• Judy

Feb. 13, 2022: Banning Books

Banning books is not a new thing. The practice of limiting people’s access to printed material can trace its roots back to the Counter-Reformation when both Catholics and Protestants tried to curtail individuals from reading things that conflicted with their belief system. In the United States, we can trace the practice back as far as 1624, when some colonies banned books that were critical of their way of life.

Sadly, banning books has been part of our human experience for as long as we have had printed books.


There has been, however, a recent push to ban books that looks different than it has in the past, and one that should trouble us all deeply. What makes the current effort to have books banned different than those efforts that we have been dealing with for hundreds of years?


- The groups behind these current pushes to ban books are no longer small groups of people who are locally trying to make a statement. Many of the current challenges have been funded by national, conservative organizations who do not have a small, local agenda. They have a national agenda, and deep pockets. The damage they can do is already being felt across the country.


- Many of the current bans that have been successfully put in place, are becoming laws. The legislative process is being used. These are no longer “library guidelines” or “school policies”, they are laws. Like most laws, there are consequences for those who break the law. In some cases very harsh consequences, and they are focused on librarians and educators.



As parents, we should be outraged. The groups that are pushing through these bans may be saying that they are supporting a parent’s right to determine what their child reads, when in fact, they are legislating against that. Parents have always been able to prevent their child from reading a book they deem inappropriate. Schools have always respected a parent’s right to say that they do not want their child to read a specific book. Teachers have always complied with those requests. What is happening now is that conservative groups are deciding what everyone’s child has the right to read. They become the gatekeepers and decide what your child can and cannot read.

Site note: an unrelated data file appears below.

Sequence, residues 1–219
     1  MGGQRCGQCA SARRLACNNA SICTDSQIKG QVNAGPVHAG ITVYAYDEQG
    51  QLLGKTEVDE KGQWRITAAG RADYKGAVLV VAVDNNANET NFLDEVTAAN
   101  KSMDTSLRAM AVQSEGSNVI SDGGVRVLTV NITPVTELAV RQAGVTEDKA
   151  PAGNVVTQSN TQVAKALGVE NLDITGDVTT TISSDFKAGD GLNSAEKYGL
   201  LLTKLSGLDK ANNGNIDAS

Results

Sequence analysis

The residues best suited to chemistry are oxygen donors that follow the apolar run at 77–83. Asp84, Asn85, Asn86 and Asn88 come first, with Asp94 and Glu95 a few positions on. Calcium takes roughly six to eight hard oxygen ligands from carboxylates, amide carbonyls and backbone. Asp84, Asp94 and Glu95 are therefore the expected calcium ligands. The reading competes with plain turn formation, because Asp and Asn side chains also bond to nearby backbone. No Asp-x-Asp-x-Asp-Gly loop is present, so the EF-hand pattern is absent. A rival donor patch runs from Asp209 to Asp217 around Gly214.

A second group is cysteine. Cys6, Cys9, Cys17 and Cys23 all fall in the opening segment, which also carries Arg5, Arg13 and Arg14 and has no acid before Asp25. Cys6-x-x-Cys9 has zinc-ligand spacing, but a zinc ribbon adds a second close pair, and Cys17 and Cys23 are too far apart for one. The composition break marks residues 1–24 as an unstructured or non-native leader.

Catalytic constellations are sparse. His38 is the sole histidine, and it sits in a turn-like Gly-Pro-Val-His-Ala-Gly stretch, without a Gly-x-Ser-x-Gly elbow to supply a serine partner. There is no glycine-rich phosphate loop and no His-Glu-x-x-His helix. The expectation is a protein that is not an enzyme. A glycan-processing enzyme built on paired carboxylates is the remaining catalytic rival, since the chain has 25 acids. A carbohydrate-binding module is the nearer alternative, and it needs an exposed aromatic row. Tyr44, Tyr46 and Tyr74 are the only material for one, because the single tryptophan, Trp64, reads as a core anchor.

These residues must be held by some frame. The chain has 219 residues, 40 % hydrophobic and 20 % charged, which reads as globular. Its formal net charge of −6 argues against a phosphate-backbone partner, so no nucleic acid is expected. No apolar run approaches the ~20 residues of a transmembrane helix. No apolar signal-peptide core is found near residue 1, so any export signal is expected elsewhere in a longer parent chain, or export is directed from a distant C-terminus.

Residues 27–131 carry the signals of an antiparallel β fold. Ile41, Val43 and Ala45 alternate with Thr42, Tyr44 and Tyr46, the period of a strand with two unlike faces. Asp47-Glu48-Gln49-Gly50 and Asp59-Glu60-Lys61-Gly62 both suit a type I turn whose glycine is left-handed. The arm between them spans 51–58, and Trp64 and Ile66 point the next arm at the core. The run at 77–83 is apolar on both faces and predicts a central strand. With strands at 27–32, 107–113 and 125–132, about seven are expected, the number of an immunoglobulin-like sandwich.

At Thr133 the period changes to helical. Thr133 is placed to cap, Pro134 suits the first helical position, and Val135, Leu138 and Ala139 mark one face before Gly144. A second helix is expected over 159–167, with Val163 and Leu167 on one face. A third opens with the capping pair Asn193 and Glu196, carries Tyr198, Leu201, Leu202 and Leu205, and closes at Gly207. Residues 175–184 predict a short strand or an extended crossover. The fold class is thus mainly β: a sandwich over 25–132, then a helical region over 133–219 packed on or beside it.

As educators, we should be infuriated. Laws that involve book banning prevent educators from making those critical instructional decisions. We are the trained professionals who understand the content standards we need to teach. We understand academic development and children. These bans not only impact the materials we can use when actually teaching our lessons, but they impact the books we can add to our classroom libraries that our students may want to read. These groups want to silence and eliminate those that do not agree with them and their views.



As writers, we should be incensed. This current push to ban books, is an effort to sideline and silence voices that do not support their political agenda. It is an effort to erase historical facts that they do not like, and to outlaw dissenting thoughts, opinions, and ideas.


As Americans, we should be deeply frightened. Historically, these types of efforts to ban books and to criminalize what does not support their agenda, is always part of a first step toward authoritarian and fascist regimes.


Stand up. Say NO to banning books.



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